1. Year-round tropical agriculture enables women to provide for themselves and their children with little male assistance.
2. This female reproductive autonomy lowers the cost of polygyny for men. More men can afford to have second wives.
3. More polygyny means more male-male rivalry for access to women. There is thus selection for men with higher testosterone levels, a more robust body build, and greater ability to fight off male rivals.
It is hard to see how this cascade of events applies to other species. Chickens, for instance, have not discovered farming. Nor is their coloration a climatic adaptation.
I am not disputing here the existence of a cross-species correlation between darker coloration and male aggressiveness. But there is an alternate explanation. Whatever the species, individuals are usually born with little or no pigment. Lighter coloration thus becomes associated with vulnerability and a need for parental care and protection. In contradistinction to this sign stimulus, adult males tend to evolve a darker coloration, especially in a context of intense male-male rivalry. This tendency was noted by Guthrie (1970):
Light skin seems to be more paedomorphic, since individuals of all races tend to darken with age. Even in the gorilla, the most heavily pigmented of the hominoids, the young are born with very little pigment. […] Thus, a lighter colored individual may present a less threatening, more juvenile image.
This point is further discussed in Frost (2011). In our own species, there seems to be a strong cross-cultural trend to associate darker skin with men and lighter skin with infants and women.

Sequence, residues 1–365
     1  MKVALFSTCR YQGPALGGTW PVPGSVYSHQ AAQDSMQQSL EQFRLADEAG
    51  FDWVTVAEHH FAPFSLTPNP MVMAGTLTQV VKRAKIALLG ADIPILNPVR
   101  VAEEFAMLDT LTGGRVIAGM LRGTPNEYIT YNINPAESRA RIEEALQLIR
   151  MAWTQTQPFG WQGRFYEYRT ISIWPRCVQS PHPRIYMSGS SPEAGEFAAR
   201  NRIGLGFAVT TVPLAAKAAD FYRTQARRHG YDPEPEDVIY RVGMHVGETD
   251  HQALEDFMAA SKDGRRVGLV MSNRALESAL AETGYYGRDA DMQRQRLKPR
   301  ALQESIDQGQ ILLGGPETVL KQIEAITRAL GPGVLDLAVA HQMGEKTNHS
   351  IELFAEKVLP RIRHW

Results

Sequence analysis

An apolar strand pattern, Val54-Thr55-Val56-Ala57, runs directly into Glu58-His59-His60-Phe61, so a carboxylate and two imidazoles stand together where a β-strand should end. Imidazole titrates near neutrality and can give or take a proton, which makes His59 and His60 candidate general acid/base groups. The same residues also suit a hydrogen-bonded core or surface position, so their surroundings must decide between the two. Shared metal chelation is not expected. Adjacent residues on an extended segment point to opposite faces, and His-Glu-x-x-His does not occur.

No theory is born perfect. Imperfections are to be expected and are normally ironed out through debate and discussion. But Rushton has been denied a normal academic environment. Criticism has almost inevitably been of the hostile sort, even to the point of being spiteful, incoherent, and self-contradictory. In this, the marketplace of ideas has suffered as much as he has. And we are all worse off.
Clark G. (2007). A Farewell to Alms. A Brief Economic History of the World. Princeton and Oxford: Princeton University Press
Cochran. G. M. , J. Hardy & H. Harpending. (2006). The natural history of Ashkenazi intelligence. Journal of Biosocial Science, 38, 659-693.
Frost. P. (2011). Hue and luminosity of human skin: a visual cue for gender recognition and other mental tasks, Human Ethology Bulletin, 26(2), 25-34.
Guthrie, R.D. (1970). Evolution of human threat display organs, Evolutionary Biology4, 257-302.
Hawks J., E.T. Wang, G.M. Cochran, H. Harpending, & R.K. Moyzis. (2007). Recent acceleration of human adaptive evolution. Proceedings of the National Academy of Sciences (USA), 104, 20753-20758.
Hoffecker, J.F. (2002). Desolate Landscapes. Ice-Age Settlement in Eastern Europe. New Brunswick: Rutgers University Press.
Kelly, R.L.(1955). The Foraging Spectrum. Diversity in Hunter-Gatherer Lifeways. Washington: Smithsonian Institution Press.
Martin, M.K. (1974). The Foraging Adaptation — Uniformity or Diversity? Addison?Wesley Module in Anthropology 56.
Pianka, E.R. (1970). On r- and K-Selection, The American Naturalist, 104, 592-597.
Templer, D. I., & Rushton, J. P. (2011). IQ, skin color, crime, HIV/AIDS, and income in 50 U.S. states. Intelligence, 39(20), 437-442.
Unz, R. (1980). Preliminary notes on the possible sociobiological implications of the rural Chinese political economy, unpublished paper.
Waguespack, N.M. (2005). The organization of male and female labor in foraging societies: Implications for early Paleoindian archaeology. American Anthropologist, 107, 666-676.